(Reuters) - Vets First Choice, a privately held U.S. provider of healthcare technology to veterinary practices, said on Wednesday it had raised $223 million from a group of investment firms to help it scale up its business.
The equity infusion is the biggest in the history of the seven-year-old company, which said it will enable it to accelerate its growth, launch new services and begin to expand into Europe and Asia.
The money raised could also be used to roll up smaller players in the fragmented veterinary services sector, which could benefit from Vets First Choice’s scale and customer relationships, Benjamin Shaw, the company’s co-founder and chief executive officer, said in an interview.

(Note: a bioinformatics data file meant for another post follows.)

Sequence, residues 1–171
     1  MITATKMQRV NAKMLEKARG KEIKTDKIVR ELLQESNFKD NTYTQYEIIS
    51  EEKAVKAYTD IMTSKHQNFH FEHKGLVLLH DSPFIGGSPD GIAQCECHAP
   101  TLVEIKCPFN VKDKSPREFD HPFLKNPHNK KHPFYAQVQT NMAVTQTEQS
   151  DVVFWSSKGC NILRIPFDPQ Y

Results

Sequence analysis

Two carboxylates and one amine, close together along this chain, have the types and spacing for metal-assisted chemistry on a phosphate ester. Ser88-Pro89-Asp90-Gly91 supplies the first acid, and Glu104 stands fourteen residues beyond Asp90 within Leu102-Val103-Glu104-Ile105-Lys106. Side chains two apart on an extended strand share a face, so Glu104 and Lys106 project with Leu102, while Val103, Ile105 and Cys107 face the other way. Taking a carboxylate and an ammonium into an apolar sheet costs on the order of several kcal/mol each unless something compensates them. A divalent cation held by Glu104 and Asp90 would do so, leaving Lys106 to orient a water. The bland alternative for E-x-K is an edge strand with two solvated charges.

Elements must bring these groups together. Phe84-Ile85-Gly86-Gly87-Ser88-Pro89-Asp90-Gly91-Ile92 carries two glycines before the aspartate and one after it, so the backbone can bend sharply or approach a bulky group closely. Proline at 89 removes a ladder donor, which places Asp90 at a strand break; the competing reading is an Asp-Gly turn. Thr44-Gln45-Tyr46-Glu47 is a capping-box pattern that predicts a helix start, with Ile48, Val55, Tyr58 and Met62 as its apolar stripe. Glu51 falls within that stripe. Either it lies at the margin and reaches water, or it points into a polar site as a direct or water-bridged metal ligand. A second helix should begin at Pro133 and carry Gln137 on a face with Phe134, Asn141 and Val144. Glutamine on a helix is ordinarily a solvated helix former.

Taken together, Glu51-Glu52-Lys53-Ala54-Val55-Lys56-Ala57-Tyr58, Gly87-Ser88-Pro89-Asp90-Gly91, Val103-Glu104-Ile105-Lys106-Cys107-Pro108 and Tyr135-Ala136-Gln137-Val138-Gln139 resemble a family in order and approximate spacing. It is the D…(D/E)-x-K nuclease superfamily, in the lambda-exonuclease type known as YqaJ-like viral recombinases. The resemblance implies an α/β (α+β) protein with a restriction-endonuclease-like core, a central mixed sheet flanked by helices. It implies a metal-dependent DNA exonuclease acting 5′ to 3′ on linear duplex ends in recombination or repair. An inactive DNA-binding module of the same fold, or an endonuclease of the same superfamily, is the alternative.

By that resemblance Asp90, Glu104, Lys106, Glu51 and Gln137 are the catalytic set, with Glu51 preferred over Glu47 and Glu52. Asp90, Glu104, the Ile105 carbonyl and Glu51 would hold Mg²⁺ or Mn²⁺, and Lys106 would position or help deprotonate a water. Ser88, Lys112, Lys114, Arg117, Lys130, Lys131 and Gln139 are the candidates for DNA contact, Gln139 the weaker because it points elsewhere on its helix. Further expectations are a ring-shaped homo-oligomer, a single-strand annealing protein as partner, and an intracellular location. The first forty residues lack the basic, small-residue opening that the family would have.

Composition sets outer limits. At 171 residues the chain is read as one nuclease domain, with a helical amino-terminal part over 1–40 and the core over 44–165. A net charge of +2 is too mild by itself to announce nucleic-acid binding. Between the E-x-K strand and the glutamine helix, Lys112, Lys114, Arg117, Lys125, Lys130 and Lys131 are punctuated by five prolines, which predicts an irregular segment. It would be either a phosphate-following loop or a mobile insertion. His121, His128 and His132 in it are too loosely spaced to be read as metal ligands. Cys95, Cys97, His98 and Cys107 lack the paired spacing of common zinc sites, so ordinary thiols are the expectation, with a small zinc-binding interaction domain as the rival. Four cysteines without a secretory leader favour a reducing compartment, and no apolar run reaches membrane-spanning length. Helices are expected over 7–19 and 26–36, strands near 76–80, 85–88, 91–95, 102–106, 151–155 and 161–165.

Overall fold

The investment group was led by investment firms Clayton, Dubilier & Rice (CD&R) and Hillhouse Capital Group. It also included Viking Global Investors, Wellington Management Company, Rock Springs Capital and Sequoia Heritage.
CD&R led an earlier round of financing for Vets First Choice in 2015.
Portland, Maine-based Vets First Choice allows veterinarians to monitor and improve how pet owners administer medication to their animals. The company says its service triples medication compliance rates and helps boost revenues.
“Vets First Choice is creating powerful insight into gaps in patient care, and is helping to drive greater engagement and better health outcomes for our veterinary practice partners and their clients,” said Shaw.
The company has doubled in size in the past year and currently serves around 20,000 veterinary practices.
Vets First Choice was advised by investment bank Leerink Partners LLC on the transaction. Morgan, Lewis & Bockius LLP offered legal advice.
Reporting by Carl O'Donnell in New York; Editing by Sandra Maler